Friday, May 28, 1999 | 10:13 a.m.
CARSON CITY -- Remember Ernestine the phone operator with the very nasal voice from "Laugh-In?"
She's alive and well, in spirit, in isolated Nevada locations such as Cosgrave, Hualapai, Dixie Valley, Sweetwater and Fish Creek.
Nevada still has about 50 antiquated phone lines where you have to call the operator to connect a call in or out. They are called nondialable toll stations.
You call a toll station customer by asking the operator for the assigned name for the station, such as Mount Tobin No. 1 or Toulon No. 2, rather than a phone number.
In Nevada's Bell country, the operators are familiar with toll stations and patch a call through with no problem.
But toll station customers trying to make out-of-state calls have endless frustrations with operators unfamiliar with toll stations.
"Usually, there's a pause and they ask where are you," said Jennifer Thacker, whose phone is Cosgrave No. 3 at her home about 20 miles outside Winnemucca. "Then you're on hold anywhere from two to 10 minutes until they figure out what to do. Generally, they have to get a supervisor. I've had three operators in a row hang up on me."
Nevada has the most toll stations in the country. California and Oregon are the only other states with nondialable phone service, said Donald Baechler, project manager for Telcordia Technologies' Traffic Routing Administration.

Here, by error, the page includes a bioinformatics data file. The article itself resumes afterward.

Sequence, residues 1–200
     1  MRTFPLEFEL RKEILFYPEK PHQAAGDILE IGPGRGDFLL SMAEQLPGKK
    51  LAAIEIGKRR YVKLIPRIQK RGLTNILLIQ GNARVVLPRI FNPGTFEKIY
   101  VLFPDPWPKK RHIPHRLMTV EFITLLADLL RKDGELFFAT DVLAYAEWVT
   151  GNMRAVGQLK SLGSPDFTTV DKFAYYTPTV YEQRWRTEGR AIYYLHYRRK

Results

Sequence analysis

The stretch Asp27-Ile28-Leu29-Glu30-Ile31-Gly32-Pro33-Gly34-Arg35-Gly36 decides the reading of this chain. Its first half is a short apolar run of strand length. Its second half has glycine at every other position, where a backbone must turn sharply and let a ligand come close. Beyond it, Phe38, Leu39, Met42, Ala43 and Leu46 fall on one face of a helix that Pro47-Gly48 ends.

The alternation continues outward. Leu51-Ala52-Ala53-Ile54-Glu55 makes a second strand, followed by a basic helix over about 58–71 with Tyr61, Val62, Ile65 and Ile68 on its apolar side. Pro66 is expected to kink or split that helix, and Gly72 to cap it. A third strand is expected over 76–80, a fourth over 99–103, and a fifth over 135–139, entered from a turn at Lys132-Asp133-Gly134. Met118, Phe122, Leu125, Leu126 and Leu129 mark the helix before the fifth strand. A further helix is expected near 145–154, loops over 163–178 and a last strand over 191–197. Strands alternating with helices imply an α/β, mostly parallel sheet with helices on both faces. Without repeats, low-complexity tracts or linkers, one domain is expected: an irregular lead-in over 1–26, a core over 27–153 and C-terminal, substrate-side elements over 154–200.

Telcordia, formerly Bellcore, provides software and engineering to optimize communications systems. Telcordia pioneered caller ID, call waiting and toll free service.
Baechler said about 617 toll stations remain in the North American Numbering Plan area that includes the United States, Canada, Mexico and the Caribbean nations. More than half of these are scattered in various Canadian provinces and territories with 283 toll stations in Quebec and 139 in Newfoundland.
California has a handful of toll stations at Drakesbad at the southern edge of Lassen Volcanic National Park. Oregon has three toll stations, Baechler said.
Nevada Bell and GTE promise to get rid of all these remaining 1920s-era phone systems by the end of 2001. Once that happens, all telephones in Nevada will finally have seven-digit numbers.
Phone customers in much of Nevada began dialing numbers themselves in 1929 and by the late 1930s major areas in the state had dial service, said Dick Bostdorff, Nevada Bell's vice president and general manager. Southern Nevadans not served by Bell, however, waited much longer for dial phones.
Winnemucca didn't get dial phones until 1956 and Virginia City finally had seven-digit phone numbers in 1975.
Since then, nondialable phones remained in the few areas isolated from towns or local phone exchanges. Over the decades, phone companies wouldn't bring dial service to these areas unless customers paid the bill.
Now, however, Nevada Bell and GTE will pay $12 million and $1.5 million, respectively, to convert phone service by order of the Nevada Public Utilities Commission with added pressure from the North American Numbering Plan Administration -- the people in charge of area codes.